John F. Kennedy, May 29,1917-November 22, 1963
Though the assassination of President Kennedy is ancient history to most Americans, the day lives on in history – and in my memory. I was working in Washington, DC, a short walk from the White House. I remember only too well catching the frenzied rumors out of Dallas, hearing the devastating words of Walter Cronkrite, hearing the helicopter land near the White House, joining the days-long procession of mourners passing through the Rotunda, perching in the window box at the Mayflower to get a better view of the endless walk to St. Mathews. Thanksgiving weekend 1963 was a time of unmitigated pain that has left an indelible mark on everyone who lived through the experience. That day and weekend live on in the collective memory of this nation.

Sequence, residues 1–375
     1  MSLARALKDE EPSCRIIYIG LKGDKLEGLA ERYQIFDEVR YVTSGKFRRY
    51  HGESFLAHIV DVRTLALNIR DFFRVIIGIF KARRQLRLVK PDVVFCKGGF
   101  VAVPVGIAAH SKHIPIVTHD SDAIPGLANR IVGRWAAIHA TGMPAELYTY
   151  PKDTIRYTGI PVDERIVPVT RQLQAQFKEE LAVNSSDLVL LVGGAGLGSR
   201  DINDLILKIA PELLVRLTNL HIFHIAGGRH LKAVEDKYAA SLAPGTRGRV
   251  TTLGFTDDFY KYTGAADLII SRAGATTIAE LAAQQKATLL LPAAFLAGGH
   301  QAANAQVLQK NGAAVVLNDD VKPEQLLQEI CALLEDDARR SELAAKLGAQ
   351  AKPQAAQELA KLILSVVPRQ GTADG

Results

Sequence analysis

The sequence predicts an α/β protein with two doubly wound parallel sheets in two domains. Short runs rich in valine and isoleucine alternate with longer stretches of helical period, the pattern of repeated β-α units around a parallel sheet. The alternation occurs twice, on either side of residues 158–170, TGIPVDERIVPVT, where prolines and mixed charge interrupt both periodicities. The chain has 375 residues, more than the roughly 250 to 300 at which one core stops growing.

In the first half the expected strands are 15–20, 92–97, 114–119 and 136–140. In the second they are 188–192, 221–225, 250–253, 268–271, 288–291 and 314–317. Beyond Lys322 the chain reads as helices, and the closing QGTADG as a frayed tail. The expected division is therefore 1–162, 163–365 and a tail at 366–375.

I cannot let the day go by without reflecting on the grief and awareness we shared that weekend. More than a half century later the words of Martin Luther King Jr. ring true:
We were all involved in the death of John Kennedy. We tolerated hate; we tolerated the sick stimulation of violence in all walks of life; and we tolerated the differential application of law, which said that a man’s life was sacred only if we agreed with his views. This may explain the cascading grief that flooded the country in late November. We mourned a man who had become the pride of the nation, but we grieved as well for ourselves because we knew we were sick. (MLK, Why We Can’t Wait,1963)
Some resources that shed light on the John F. Kennedy and his era:
Videos that share the spirit of JFK – skip the ad – http://www.history.com/topics/us-presidents/john-f-kennedy/videos
From the John F. Kennedy Presidential Library and Museum: https://www.jfklibrary.org/JFK/Life-of-John-F-Kennedy.aspx
From the White House archives: https://www.whitehouse.gov/1600/presidents/johnfkennedy